Shyness only begins to cover the range of social anxieties and social phobias covered by Schneier, assistant director of the Anxiety Disorders Clinic at the New York State Psychiatric Institute, and Welkowitz, a research psychologist also at the institute. There are fears of eating in public and of public bathrooms as well as fears of public speaking, dating, talking to the boss. There's probably more here than the average shy person looking for help wants, as about two thirds of the book is about the factors underlying shyness: biology, evolution, socialization, culture, sociology, psychology and so forth. There is also a chapter composed of tests that, while of excellent provenance, strangely make no distinctions between different sorts of social anxiety. The practical chapters that follow are worthwhile, especially when they stick to solid medical advice or therapy; social advice such as encouraging the wallflower to use ""seemingly corny"" openers--for example, ""Have I seen you somewhere before?"" and ""Come here often?""--is less so. In a system that prods readers to set specific, realistic goals each week and plot out how to attain them, the authors encourage exposure to unnerving situations and the developing of positive responses to replace (usually unacknowledged) negative ones. Also helpful is concrete advice to parents of shy children and a rundown of the effects and side effects of beta-blockers, benzodiazepines (e.g., Valium), SSRIs (e.g., Prozac) and MAOIs (e.g., Nardil). (Sept.)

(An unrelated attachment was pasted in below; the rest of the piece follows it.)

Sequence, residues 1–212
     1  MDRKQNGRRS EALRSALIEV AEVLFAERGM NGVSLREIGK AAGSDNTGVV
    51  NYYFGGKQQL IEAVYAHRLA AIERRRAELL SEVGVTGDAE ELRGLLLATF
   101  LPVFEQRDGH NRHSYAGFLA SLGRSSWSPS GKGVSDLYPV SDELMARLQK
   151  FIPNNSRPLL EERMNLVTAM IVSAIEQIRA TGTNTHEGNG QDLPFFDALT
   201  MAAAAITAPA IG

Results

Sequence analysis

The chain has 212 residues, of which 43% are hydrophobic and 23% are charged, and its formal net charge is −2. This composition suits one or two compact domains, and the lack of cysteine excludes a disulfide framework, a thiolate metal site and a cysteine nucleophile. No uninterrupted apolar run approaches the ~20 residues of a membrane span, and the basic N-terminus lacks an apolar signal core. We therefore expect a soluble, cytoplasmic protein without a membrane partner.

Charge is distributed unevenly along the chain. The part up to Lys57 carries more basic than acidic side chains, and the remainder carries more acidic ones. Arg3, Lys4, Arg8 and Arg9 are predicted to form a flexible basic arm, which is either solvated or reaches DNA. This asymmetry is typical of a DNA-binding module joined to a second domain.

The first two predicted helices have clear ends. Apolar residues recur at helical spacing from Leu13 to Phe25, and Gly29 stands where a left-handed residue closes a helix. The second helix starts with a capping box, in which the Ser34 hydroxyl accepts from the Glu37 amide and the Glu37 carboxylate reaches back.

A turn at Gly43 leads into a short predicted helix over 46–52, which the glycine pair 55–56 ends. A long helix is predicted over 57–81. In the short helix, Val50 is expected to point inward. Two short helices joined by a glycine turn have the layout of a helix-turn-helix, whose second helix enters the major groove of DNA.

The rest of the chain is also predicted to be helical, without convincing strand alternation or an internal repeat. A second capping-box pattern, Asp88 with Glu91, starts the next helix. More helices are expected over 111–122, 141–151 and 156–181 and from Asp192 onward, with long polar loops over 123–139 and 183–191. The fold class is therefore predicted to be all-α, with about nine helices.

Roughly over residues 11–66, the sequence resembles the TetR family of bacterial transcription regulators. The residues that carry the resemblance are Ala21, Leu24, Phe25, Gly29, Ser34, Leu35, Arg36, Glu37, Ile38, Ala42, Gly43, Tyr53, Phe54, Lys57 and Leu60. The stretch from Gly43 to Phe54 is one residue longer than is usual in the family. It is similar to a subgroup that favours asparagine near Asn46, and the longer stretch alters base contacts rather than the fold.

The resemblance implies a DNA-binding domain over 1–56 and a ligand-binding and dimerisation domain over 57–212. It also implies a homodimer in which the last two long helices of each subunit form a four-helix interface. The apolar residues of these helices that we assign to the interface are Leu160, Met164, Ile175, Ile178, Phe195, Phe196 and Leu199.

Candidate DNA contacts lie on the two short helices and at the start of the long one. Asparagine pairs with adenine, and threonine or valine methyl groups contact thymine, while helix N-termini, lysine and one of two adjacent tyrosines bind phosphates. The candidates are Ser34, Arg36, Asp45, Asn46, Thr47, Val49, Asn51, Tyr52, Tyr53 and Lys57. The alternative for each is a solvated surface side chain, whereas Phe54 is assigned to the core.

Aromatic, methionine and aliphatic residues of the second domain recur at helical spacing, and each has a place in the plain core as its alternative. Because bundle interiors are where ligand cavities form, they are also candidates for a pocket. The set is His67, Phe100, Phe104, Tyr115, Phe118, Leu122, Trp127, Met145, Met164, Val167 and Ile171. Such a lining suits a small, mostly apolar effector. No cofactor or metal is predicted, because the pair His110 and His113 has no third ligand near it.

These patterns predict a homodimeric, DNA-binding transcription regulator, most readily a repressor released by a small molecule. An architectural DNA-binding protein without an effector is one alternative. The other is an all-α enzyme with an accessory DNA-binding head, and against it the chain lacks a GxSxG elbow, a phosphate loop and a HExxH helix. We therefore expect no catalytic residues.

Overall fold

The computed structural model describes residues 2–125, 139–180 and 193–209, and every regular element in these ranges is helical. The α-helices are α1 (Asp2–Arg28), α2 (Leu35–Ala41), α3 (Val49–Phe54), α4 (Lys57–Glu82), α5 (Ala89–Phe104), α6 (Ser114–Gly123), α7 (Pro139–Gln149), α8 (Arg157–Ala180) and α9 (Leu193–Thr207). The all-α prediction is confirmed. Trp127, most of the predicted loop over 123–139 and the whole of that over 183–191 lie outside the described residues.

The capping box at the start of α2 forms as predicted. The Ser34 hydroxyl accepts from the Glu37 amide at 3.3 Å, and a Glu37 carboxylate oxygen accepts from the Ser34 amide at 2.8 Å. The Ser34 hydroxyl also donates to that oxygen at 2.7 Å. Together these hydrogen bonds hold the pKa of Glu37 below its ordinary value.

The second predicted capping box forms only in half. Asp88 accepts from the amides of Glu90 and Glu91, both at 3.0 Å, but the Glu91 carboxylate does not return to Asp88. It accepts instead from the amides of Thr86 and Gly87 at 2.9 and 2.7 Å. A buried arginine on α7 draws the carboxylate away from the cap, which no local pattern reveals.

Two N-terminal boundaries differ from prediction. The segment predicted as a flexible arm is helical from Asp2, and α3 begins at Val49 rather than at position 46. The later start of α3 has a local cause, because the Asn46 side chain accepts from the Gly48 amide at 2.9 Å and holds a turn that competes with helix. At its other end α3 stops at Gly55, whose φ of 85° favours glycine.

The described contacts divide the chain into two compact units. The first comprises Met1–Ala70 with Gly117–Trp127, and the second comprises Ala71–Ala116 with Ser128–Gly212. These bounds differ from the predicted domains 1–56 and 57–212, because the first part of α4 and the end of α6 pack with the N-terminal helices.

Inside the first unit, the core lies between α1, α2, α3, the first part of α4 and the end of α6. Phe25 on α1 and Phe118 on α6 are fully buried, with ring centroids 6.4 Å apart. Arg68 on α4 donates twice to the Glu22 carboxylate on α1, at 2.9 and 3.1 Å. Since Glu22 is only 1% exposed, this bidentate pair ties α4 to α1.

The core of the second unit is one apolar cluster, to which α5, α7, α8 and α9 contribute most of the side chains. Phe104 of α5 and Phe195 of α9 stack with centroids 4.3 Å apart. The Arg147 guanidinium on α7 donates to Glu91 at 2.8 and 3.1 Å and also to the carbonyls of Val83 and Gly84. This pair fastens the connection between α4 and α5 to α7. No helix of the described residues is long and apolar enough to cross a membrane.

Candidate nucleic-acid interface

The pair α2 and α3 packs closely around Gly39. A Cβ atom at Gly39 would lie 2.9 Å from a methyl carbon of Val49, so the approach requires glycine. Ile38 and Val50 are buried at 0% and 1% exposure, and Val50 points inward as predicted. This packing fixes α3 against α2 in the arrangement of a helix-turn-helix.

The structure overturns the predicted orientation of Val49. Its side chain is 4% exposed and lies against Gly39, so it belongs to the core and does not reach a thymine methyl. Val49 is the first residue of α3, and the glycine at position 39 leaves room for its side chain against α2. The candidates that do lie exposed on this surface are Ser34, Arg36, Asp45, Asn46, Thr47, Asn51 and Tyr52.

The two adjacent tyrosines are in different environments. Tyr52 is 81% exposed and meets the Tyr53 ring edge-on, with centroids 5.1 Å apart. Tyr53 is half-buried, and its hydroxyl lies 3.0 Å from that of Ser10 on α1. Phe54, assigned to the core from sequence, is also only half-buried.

Reviewed on: 09/02/1996 Release date: 09/01/1996 Genre: Nonfiction
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